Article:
By Sampa Diseko
The World Bank has long held the view that digital payments are essential to economic growth. By integrating digital into payment solutions and platforms, developing economies can bypass many of the challenges in legacy payments and banking, in order to gain access to affordable and relevant financial solutions.
The use of digital devices like mobile phones and the internet, have the potential to transform the informal economy and provide businesses of all sizes with the opportunity to reach new markets and to ‘formalise their operations’. Certainly, the evolution of digital payment solutions has done just that with more and more small businesses benefiting from the inclusion that mobile, digital and connectivity bring. The challenge has been to ensure the solutions and platforms add sufficient value for merchants for merchants to embrace digital against cash. A digital payment has to bring the merchant far more value than simple cash replacement, which most mobile digital consumer payments find it hard to do. Most are variations of the same P2P digital cash equivalent ‘me too’ technology that is simply not enough of an incentive for informal business to want to adopt at scale.
This is particularly true in light of the global pandemic. The 2020 McKinsey Global Payments Report found that the pandemic has sped up trends in consumer and business behaviour when it comes to digital payments, instant payments and card displacement. While some of the surges towards contactless, cashless and digital payment platforms to avoid human contact or remain within the constraints of lockdown will dissipate, the overall sentiment is that the boost that digital payments received in 2020 will continue their trajectory significantly over the next five to ten years, accelerating a process that was already underway. This is reflected in the McKinsey report, which found EMEA’s growth in payments slightly exceeded the global average due to the increase in emerging markets, such as Africa, at 10% growth in revenue.
While the pandemic may have been the fuel that lit the digital fire for many sectors, the reason why digital will remain so prolific is its proficiency across multiple levels and layers. It is not just that it enables tap and go, secure spend or access to multiple payment types. Digital payments open the door for those organisations that need access to alternative forms of payment the most.
Those in the productive and informal economy can leverage digital payments to enter into the formal economy and enjoy the multiple benefits that this brings. This is why digital is not just a rapid plug in a hole created by a virus. It is a new way of living, working and transacting for many people that will remain as relevant tomorrow as it did over the past year. The value of an efficient payment system that provides this, improves the countries stability across all income tiers stimulating economic development.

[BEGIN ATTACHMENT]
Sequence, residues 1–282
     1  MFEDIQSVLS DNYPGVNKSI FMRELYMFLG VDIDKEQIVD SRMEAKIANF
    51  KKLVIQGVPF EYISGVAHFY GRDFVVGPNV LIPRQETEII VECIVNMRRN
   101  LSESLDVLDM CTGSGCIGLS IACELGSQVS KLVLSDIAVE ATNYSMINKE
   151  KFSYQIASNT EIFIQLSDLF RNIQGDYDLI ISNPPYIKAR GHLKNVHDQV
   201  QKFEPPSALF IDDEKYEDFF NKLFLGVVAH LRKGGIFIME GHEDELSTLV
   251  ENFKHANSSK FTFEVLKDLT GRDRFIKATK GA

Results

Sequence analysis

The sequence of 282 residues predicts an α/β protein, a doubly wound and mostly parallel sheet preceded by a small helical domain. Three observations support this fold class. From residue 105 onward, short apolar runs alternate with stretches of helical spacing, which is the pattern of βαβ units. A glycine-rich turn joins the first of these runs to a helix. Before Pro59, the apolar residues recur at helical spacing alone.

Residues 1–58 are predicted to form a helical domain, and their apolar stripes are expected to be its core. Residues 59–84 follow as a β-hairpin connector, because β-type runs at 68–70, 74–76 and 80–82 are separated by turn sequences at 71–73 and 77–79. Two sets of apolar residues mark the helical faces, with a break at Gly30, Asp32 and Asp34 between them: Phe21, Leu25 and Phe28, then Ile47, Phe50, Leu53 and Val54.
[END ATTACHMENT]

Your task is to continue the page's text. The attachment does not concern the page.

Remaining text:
Digital payments are lowering the barrier to entry for entrepreneurs, small to medium enterprises, and micro-enterprises. This barrier once stood high, limiting which companies banks could serve. Now, with digital, small businesses can access not just multiple wallets and payment methods but also embedded financial tools that come with many of the leading digital payment solutions. Digital is levelling the playing field for so many industries, and now it’s happening to payments.
Considering how the informal sector and the middle-class play such a powerful role in driving wealth through communities and allowing for opportunities to make a living, this lowered barrier represents a significant milestone. It has also seen an almost seismic shift in the industry – the GSMA State of the Industry Report for Mobile Money 2018 found that mobile money represented only $19 trillion in payments from customers, while the same report in 2020 has found that daily transactions were exceeding $2 billion with ‘astonishing growth in emerging markets’.
The accessibility of mobile payment solutions and the array of functionalities on offer within digital payment platforms has allowed for the rapid and impressive evolution of the payments as a platform model. A model that pulls increasingly higher numbers into its orbit as it continues to reach deeper into areas that have been disconnected and unbanked in the past. The GSMA report revealed more than one billion registered mobile money accounts, 57 per cent of digital transaction values exceeding cash-in and cash-out values, and more than 50 million new registered accounts in the past year alone. The future isn’t digital anymore, it’s in harnessing the potential of digital to do more and allow for greater innovation and development.
For financial regulators, this seething sea of opportunity and benefit presents an equal opportunity to refine regulation to ensure that it is integrated intelligently to allow for further growth and inclusion. There is the risk that regulation can squash further innovation and development, limiting access and growth through heavy controls and limitations. This needs to be addressed and digital payment regulations must be consistently revised and adapted to take the digital payment market into account.
Many of the laws that currently govern financial transactions are still a leftover legacy from the traditional, heavily regulated card environment of the past. For continued transformation and development, and the seamless growth of the business and informal sector, regulations need to adapt to the new ways of doing business to allow for digital to flourish. With the constant change, markets have no choice but to evolve, move and adapt to the digital world and no country should be left behind.
… Diseko is the Communications Executive, Bluecode Africa